Pennsylvania Court Upholds Vicarious Liability and Corporate Negligence Claims in Wrongful Death Case
In a recent case, the Pennsylvania Superior Court addressed allegations of vicarious liability and corporate negligence against a hospital and its treating physicians. Procedurally, the administrator of the estate of Mr. Arthur Denmark appealed from a trial court dismissal of his claims against a hospital and its entities. Mr. Hurst, the administrator, named four defendants in his complaint: Dr. Hallur, Dr. Williams, and the Hospital entities. Mr. Hurst filed an amended complaint in response to preliminary objections.
He alleged that Arthur Denmark was admitted to the hospital in order to undergo a tracheotomy, due to his emphysema. He was allegedly alert and responsive, until he was either allowed or tried to leave his bed without assistance, and he fell out of his bed. This fall dislocated his catheter, and it could not be replaced. Surgery was scheduled, during which Mr. Denmark’s bladder was severely lacerated. Allegedly, gauze was negligently left in Mr. Denmark’s body after the surgery was complete, and blood continued to be present in Mr. Denmark’s urine. According to Mr. Hurst, the negligence of the defendants resulted in Mr. Denmark’s development of septic shock and eventual death.
The amended complaint set forth causes of action against the doctors for negligence and against the hospital for vicarious liability and corporate negligence. Mr. Hurst also brought causes of action for wrongful death and survival damages against all of the defendants.
The trial court sustained preliminary objections to the amended complaint and, among other rulings, dismissed Mr. Hurst’s claims against the hospital entities for vicarious liability and corporate negligence. Mr. Hurst contends that striking his allegations concerning unidentified agents was error because Pennsylvania law allows for employees to be unnamed or referenced as a group in a complaint that alleges vicarious liability. The corporate negligence claim, according to Mr. Hurst, contains sufficient allegations to sustain his claim.
Turning to the substantive issues on appeal, the court examined the requirements for a cause of action for vicarious liability. To hold an employer vicariously liable, the court stated that the negligent acts of its employee must be committed during the course of and within the scope of the employment. Furthermore, the court stated that simply by having unnamed employees in the complaint, the plaintiff is not precluded from bringing an action for vicarious liability, if the employees were negligent during the course and within the scope of their employment.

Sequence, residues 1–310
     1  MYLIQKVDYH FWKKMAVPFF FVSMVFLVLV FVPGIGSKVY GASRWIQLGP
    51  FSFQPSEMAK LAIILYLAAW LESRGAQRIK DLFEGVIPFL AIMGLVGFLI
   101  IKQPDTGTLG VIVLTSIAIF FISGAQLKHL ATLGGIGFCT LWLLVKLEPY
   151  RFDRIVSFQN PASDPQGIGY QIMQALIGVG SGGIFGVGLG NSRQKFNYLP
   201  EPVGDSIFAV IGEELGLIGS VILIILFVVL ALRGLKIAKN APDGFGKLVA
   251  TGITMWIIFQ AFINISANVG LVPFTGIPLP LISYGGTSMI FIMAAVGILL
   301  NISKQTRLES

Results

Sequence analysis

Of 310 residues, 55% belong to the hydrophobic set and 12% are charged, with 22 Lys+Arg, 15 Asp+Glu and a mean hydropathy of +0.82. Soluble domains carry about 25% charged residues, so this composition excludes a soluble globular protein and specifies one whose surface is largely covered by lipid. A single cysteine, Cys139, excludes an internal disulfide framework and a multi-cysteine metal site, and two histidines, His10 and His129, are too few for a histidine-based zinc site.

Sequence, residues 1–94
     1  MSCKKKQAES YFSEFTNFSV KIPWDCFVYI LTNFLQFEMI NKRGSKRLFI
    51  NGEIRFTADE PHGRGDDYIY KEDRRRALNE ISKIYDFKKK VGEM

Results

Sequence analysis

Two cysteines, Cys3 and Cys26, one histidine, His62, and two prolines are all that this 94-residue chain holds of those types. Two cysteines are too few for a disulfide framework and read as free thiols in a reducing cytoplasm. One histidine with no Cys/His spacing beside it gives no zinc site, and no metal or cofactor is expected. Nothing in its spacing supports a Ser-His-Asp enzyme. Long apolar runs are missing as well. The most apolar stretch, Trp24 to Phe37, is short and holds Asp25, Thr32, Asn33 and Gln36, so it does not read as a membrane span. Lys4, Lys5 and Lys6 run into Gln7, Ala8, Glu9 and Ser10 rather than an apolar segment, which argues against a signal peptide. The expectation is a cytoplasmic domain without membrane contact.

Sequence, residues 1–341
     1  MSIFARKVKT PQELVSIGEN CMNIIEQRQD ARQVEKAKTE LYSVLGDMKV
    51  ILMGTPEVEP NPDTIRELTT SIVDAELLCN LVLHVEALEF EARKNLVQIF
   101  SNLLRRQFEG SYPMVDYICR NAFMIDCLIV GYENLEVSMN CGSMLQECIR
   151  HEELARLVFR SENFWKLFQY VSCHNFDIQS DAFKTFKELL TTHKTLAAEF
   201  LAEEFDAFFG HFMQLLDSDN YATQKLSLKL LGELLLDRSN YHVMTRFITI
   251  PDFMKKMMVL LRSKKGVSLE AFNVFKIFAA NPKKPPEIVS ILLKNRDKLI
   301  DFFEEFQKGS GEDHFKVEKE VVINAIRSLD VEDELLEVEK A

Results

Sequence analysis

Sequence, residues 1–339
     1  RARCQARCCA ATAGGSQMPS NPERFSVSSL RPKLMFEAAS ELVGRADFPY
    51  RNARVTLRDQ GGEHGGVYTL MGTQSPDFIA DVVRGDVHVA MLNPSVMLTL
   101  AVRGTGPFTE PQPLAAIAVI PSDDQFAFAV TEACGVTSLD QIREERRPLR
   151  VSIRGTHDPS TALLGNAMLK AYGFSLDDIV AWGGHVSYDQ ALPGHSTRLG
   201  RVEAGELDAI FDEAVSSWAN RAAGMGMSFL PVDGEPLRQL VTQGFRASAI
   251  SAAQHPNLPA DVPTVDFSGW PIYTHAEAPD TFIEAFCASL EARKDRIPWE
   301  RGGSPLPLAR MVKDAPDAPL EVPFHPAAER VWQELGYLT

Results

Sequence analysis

The court stated that pleadings are intended to provide notice to the defendant of the claims upon which it will have to defend. In a complaint, the paragraphs are to be read in context with all other allegations to determine whether the defendant has been provided adequate notice of the claim.
Here, the court found that Mr. Hurst had set forth the material allegations of negligence, the basis for his vicarious liability claims. These included Mr. Denmark’s fall, his surgery, and the resulting failure to remove all of the gauze, eventually resulting in septic shock and death. While Mr. Hurst may not have identified all the names of those who provided related services in connection with Mr. Denmark’s care, these names are known to the hospital entities or could have been determined during the process of discovery. Therefore, read in the context of the allegations, the references to unnamed staff were not lacking in specificity, nor did they fail to plead a cause of action against the hospital.
Second, the court reviewed Mr. Hurst’s contention that it was error for the trial court to strike his corporate negligence claim against the hospital entities. The appeal court agreed with the lower court that the complaint successfully alleged violations of the duties owed by the hospital to Mr. Denmark. Mr. Hurst alleged that the hospital had actual or constructive knowledge of the defect in the procedure (stitching the gauze inside a patient) and that this negligence directly caused the injuries and death of Mr. Denmark. The appeals court held that the trial court’s order striking this allegation was in error.
The court reversed the order, in part, and remanded to the trial court for further proceedings.
This case demonstrates the importance of pleading a sufficient and detailed complaint, especially concerning negligence and wrongful death claims. At the Needle Law Firm, we represent clients in cases of wrongful death and offer a free consultation. Contact our office at 570-344-1266.